A first-person account from off the beaten track, as told to Anne Ford.
“A lot of people don’t understand that refugees are here because they had no choice. Nobody’s dream is to come to the United States and get food stamps. I come from an affluent background. My father was a civil engineer. My mom had her own business. Never in our mind were we thinking of leaving our native country.
“After the Armenian genocide in 1915, my grandparents fled to Iran and started a family. When the [Islamic] revolution happened there, we declared ourselves refugees and came to Chicago in September of 1984. Everyone made it out except my dad.
“Quite a number of our staff members are former refugees. We are an oasis for our newcomers. For a lot of people, this is the first time they are living in apartment buildings. So they may do things like sweep their apartment and sweep out in the hallway, because that’s how they swept everything out of their hut in the refugee camp.
“We teach them how to fill out job applications, how to do interviews. In a lot of countries you get jobs because somebody you know works at a place, and they say, ‘My cousin is looking for a job,’ and they say, ‘OK, bring him with you tomorrow morning.’ The concept of sitting in front of a stranger and complimenting yourself is new.
“Until about six, seven months ago, large numbers of Iraqis were coming in. Right now it’s split between Burmese, Bhutanese, and Africans. This is a population that has been in refugee camps for more than ten years. Although they are eager to work, they really don’t have transferable skills. Their entry point is the service industry—hotels, restaurants—or manufacturing jobs.
“I don’t think anybody who comes to the United States expects the difficult economic situation they find when they get here. That’s very scary. If you’ve been living in refugee camps, even though your conditions have been miserable, at least you knew that you would have your food ration. Most of us are coming from cultures where the United States was the generous outsider bringing in humanitarian aid. And then to come here and see people under the bridge is mind-boggling.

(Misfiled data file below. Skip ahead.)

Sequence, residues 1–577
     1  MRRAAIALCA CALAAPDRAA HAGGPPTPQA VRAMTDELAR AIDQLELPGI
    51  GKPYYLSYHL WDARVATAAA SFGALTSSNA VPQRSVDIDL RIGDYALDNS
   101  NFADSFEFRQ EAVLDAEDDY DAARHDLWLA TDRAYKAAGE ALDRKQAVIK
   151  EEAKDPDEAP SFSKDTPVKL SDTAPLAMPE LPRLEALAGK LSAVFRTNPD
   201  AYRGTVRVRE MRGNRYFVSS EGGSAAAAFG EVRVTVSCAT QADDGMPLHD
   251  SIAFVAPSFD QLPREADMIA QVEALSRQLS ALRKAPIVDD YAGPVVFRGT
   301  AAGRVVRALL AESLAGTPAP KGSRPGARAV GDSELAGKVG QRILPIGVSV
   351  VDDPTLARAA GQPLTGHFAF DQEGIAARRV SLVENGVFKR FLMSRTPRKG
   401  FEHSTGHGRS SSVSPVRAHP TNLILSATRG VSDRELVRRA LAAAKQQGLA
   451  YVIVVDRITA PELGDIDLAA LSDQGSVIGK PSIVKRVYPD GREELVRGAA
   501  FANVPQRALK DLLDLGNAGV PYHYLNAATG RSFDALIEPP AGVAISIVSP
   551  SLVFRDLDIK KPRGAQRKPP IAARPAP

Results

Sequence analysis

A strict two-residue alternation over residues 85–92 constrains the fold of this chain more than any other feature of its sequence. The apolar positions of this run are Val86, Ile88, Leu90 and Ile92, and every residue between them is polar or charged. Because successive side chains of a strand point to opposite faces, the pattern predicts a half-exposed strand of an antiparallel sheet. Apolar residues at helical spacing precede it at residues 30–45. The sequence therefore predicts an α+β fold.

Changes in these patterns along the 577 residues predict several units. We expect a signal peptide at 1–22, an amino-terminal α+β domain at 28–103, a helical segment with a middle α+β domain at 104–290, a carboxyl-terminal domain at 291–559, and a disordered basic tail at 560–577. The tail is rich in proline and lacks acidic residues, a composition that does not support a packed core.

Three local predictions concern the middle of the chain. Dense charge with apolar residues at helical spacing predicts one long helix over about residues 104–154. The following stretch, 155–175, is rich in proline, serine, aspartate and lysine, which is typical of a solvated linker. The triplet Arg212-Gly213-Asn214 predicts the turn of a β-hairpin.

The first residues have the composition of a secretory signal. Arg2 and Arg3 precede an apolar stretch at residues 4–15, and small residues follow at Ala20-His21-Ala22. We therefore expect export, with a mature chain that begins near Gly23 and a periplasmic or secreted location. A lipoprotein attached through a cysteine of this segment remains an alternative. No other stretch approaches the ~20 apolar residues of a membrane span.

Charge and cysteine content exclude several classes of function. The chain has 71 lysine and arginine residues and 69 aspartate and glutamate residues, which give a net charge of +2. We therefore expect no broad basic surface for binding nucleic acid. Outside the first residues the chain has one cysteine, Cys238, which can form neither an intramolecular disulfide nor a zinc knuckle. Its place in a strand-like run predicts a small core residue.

“We helped welcome an Iraqi gentleman, a single dad. His wife was in Jordan. He came with his daughter and his son. His son has a disability—he doesn’t have legs from the knees down. Suddenly it hit him that he was in a foreign country, in an unknown society, with a handicapped child and a little girl, away from his wife. And he broke down. Chain-smoking, rocking all day long, totally neglecting the children.
“DCFS had to get involved while he got psychiatric help. The children were placed in foster care. One year and a half later, he is functioning 100 percent. He is working; he’s got visitations with the kids every week. The little boy has his new legs. The wife just got her approval, and we are hoping by Easter the family will be reunited.
“Whenever I feel like I’m getting burned out, I just go to the airport and welcome a new refugee family. They bring such enthusiasm to their new communities. Many of them have been sitting for 20 years in refugee camps, waiting for this moment to start a new life in a peaceful and free society.”